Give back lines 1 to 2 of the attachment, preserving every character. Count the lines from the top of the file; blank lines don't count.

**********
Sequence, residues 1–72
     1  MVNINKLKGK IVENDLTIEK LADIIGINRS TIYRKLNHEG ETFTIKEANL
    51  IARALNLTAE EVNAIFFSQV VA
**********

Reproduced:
Sequence, residues 1–72
     1  MVNINKLKGK IVENDLTIEK LADIIGINRS TIYRKLNHEG ETFTIKEANL